Large institutions like the IMF, World Bank, European Union have made institutions in African countries which have not paid off because these institutions want to push the “free market” idea into small, maturing economies. Only large economies such as India and China were able to ignore World Bank advice, while economies like Pakistan and Sri Lanka had to follow this advice, and now, their economies are on the brink of collapse. This is covered in Reinhart’s “This Time Is Different.”

The standard model also relies on the Minimum Efficient Size (MES) of innovations. For every innovation, it is worth investing in the innovation only if the factory that uses it produces at the MES. When Latin America tried to apply the standard model in 1980, the MES of state-of-the-art innovations had skyrocketed. A single factory of MES size would be enough to serve all the domestic demand. This stifled the need for innovation and a monopoly was an efficient solution in this situation. But a monopoly does not foster innovation or competition, and is bad for a country’s economy.

Industrial Revolution

The Industrial revolution in Britain was a key turning point for the West. They had already gone from being mere monarchies to colonizers; but industrialization gave them the incentive to double down on colonization and squeeze colonies of any chance of development. Cheap coal, cheap capital, and high wages came together to make Britain the center of the Industrial Revolution.

The prohibitively high cost of labor and the relatively cheap cost of capital pushed research forward in several domains and Britain ended up improving the production process of many goods. The leading producers of these goods were often countries that Britain had already colonized, so they were able to squeeze the colonies from both ends: reducing production in the colonies through British brawn, while improving production processes at home through British brain.

Allen goes through an impressive list of innovations which all came out of Britain during this period. While the list may be impressive in itself, it should always be kept in mind that colonization and the attendant atrocities were the prerequisites for these innovations.

  1. Cotton: Chinese and Indian cotton was surprisingly competitive in Britain, even as late as the 1770s. And in West Africa, British cotton was far too expensive. The spinning jenny and the mule made sense in Britain’s high wage environment. They gave a total return of 40% when employed in Britain. Whereas in France, the return was 9% and in India, it was a meager 1%. So, India saw no mechanization of cotton spinning. As the installation of these machines kick-started future improvements in cotton spinning, the setback faced in this period was of colossal proportions for India and other countries where labor was cheap.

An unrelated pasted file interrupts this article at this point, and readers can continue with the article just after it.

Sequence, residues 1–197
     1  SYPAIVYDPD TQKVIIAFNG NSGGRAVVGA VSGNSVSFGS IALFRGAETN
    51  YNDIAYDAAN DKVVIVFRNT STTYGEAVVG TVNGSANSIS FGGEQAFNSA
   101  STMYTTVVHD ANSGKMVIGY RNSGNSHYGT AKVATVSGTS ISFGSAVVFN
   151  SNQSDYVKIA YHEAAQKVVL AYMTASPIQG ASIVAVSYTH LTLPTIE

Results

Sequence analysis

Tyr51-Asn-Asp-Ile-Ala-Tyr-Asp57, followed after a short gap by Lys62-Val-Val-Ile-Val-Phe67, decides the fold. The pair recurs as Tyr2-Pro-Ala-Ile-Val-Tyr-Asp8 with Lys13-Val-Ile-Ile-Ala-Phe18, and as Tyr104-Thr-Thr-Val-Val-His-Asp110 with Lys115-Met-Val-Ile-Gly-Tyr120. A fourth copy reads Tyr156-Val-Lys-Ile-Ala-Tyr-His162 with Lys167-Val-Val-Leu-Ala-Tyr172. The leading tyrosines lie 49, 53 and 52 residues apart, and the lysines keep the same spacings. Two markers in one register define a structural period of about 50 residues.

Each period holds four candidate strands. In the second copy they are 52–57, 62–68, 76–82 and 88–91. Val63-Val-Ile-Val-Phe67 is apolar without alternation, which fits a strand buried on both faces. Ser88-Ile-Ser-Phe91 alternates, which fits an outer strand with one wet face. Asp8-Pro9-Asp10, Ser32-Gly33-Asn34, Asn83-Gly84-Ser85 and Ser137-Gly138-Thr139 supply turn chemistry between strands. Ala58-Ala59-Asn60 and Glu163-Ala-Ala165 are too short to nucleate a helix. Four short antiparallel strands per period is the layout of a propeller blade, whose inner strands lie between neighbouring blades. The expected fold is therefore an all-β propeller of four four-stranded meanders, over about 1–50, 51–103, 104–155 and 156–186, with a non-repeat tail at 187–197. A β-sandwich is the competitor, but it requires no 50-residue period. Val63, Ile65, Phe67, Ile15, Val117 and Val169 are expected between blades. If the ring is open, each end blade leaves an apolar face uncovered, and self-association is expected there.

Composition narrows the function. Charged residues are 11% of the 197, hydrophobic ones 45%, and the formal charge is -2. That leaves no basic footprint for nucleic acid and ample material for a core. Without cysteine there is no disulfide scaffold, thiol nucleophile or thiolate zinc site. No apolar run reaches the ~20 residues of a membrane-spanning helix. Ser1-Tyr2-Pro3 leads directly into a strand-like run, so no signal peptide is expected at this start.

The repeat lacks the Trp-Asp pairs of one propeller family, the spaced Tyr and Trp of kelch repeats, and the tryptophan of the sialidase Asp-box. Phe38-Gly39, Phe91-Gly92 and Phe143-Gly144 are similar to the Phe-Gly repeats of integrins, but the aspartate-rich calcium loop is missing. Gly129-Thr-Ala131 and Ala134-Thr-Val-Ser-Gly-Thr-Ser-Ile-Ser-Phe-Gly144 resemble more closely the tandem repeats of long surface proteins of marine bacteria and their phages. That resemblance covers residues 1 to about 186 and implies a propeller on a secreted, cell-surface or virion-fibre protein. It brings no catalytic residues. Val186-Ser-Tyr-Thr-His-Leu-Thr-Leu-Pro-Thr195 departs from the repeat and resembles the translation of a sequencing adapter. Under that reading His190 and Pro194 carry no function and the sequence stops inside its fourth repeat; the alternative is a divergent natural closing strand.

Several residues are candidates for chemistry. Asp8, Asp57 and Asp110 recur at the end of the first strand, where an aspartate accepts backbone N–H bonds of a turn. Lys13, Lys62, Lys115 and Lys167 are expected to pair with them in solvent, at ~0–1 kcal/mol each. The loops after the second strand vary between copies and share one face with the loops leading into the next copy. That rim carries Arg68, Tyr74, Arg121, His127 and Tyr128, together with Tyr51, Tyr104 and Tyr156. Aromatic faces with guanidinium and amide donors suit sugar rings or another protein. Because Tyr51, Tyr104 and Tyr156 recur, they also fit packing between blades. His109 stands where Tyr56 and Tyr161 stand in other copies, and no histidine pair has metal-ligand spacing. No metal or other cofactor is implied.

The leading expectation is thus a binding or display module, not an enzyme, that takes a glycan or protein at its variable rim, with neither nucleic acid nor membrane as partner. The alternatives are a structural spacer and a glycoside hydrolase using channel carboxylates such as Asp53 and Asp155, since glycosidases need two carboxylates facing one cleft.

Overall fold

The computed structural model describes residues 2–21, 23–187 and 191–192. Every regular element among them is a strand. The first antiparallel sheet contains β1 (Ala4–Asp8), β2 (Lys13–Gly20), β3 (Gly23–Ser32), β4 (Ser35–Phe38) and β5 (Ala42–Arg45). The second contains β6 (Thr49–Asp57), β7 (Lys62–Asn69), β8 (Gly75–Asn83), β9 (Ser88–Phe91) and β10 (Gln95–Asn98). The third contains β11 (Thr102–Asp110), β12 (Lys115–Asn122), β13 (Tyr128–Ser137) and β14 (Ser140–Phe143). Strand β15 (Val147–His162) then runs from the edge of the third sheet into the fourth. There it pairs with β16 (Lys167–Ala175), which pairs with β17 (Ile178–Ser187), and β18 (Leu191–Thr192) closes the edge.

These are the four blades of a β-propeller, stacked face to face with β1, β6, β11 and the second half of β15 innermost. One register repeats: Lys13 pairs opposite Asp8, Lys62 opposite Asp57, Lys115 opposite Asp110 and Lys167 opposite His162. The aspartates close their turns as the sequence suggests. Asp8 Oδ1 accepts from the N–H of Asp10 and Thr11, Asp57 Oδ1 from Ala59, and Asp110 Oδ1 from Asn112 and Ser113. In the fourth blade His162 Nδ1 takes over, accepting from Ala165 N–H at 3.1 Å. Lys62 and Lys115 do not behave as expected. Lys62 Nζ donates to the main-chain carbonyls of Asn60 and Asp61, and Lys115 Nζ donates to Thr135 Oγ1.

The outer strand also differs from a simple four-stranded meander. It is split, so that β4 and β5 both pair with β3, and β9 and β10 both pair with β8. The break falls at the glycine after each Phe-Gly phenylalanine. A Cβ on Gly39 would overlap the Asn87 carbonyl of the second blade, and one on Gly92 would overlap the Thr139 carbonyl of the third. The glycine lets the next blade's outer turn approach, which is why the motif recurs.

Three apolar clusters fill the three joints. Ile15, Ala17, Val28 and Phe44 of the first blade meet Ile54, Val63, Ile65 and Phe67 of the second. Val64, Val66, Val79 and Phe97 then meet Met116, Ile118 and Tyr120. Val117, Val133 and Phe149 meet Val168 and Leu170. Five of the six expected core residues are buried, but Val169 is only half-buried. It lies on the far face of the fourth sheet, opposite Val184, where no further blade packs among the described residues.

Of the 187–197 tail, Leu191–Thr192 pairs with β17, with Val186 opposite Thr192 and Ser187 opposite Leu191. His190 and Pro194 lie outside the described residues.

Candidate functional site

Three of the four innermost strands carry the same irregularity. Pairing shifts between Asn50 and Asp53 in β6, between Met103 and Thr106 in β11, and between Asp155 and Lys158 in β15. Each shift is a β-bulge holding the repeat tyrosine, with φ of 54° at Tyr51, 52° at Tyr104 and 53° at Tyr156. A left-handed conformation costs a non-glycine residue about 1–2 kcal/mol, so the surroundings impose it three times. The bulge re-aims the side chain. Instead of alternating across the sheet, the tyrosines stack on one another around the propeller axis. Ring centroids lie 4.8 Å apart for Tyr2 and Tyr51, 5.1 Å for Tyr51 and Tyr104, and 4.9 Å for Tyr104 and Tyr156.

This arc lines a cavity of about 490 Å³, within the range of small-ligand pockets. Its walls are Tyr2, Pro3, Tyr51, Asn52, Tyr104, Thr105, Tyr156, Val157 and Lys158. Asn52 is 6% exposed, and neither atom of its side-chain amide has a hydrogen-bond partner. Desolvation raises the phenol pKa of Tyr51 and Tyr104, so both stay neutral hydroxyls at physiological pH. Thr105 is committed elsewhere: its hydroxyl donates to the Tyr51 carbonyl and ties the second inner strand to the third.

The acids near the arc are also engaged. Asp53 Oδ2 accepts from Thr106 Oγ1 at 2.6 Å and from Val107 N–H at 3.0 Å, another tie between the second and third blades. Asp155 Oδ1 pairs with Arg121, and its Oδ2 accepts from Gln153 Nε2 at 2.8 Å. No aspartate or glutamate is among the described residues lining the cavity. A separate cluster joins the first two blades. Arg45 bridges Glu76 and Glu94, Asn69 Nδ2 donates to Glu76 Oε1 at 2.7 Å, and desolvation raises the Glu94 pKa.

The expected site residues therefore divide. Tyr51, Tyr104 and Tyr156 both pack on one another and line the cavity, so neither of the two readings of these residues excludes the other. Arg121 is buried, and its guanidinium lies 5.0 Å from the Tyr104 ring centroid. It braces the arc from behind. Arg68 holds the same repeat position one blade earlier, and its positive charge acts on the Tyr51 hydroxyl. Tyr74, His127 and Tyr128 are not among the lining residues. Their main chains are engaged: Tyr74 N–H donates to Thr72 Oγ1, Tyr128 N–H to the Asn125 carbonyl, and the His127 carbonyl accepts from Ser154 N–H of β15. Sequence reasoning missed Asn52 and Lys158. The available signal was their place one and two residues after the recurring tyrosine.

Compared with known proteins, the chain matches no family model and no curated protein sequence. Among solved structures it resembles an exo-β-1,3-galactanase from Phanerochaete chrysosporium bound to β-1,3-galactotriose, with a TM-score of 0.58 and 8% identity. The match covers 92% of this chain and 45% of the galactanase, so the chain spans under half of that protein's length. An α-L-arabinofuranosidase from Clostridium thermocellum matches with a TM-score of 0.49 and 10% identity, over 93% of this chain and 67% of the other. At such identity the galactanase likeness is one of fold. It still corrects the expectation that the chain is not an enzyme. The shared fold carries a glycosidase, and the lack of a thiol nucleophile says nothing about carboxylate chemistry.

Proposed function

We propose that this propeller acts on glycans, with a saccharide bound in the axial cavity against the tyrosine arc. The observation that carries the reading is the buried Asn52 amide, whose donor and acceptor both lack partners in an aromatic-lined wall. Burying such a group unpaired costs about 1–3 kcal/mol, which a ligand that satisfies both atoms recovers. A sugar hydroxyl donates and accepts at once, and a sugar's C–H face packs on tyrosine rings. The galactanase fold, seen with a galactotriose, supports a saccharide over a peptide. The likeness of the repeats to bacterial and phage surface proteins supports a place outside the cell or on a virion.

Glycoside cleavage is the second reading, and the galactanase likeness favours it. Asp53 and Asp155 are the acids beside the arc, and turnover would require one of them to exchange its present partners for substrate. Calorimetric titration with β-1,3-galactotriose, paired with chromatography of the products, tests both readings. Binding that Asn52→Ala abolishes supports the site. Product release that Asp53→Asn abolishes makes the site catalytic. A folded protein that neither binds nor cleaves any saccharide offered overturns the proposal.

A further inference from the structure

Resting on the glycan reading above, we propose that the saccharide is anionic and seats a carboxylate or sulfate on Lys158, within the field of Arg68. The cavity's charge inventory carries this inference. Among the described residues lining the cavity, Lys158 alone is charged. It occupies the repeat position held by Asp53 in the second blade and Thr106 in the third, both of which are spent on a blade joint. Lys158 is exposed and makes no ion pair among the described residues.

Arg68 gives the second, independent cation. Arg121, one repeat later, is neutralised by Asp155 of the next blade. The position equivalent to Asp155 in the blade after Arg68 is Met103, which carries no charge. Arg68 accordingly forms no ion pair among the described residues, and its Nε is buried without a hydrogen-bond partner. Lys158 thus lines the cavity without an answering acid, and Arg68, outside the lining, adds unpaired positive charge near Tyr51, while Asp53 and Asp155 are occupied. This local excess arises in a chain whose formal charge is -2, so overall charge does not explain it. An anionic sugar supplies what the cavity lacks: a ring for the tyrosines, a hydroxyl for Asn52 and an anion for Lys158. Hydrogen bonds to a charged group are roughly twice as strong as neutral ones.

2. Power Looms: Wages in America had surpassed Britain in the early 1830s. So, as expected, Power looms were embraced with much more gusto in America than across the Atlantic.
  3. Steam Engine: The initial coal requirements for introducing a steam engine were very high. In the cheap coal environment in Britain, this was not a problem at all. Research continued steadily and significant improvements were made. In 1730, Newcomen engines required 20 kgs of coal2 to generate 1 horsepower of energy. By the late 1800s, this number had gone down by a factor of 40 to 0.5 kgs of coal.3 British innovators cut through the technological frontier because they were the only ones who had access to the high initial requirements of coal. If countries could not clear this initial barrier, they would be forced to import technology from Britain at a premium. (This is what Japan did when railways were introduced in

    1. British engineers are credited in Japanese railway museums with installing the first tracks

    and trains.)

  4. Railways: Starting in 1830, the power of Steam engines was successfully applied to locomotives which ran on iron rails. The network grew around Britain very quickly, increasing to 10,000 km in 1850 and to 25,000 km in 1880. The locomotive was popular among passengers who wanted to avoid bad, unpaved roads for long-distance travel. It was also a popular mode of transport for general freight.
  5. Ships: The Steam engine transformed shipping. The sail lost ground and steam took over, with ships carrying the coal required to power their Steam engines. Initially, the space required to store the coal required for a cross-Atlantic journey was too high. However, as the weight of coal required per horsepower plummeted, the steam engine became the most common way for powering Atlantic crossings.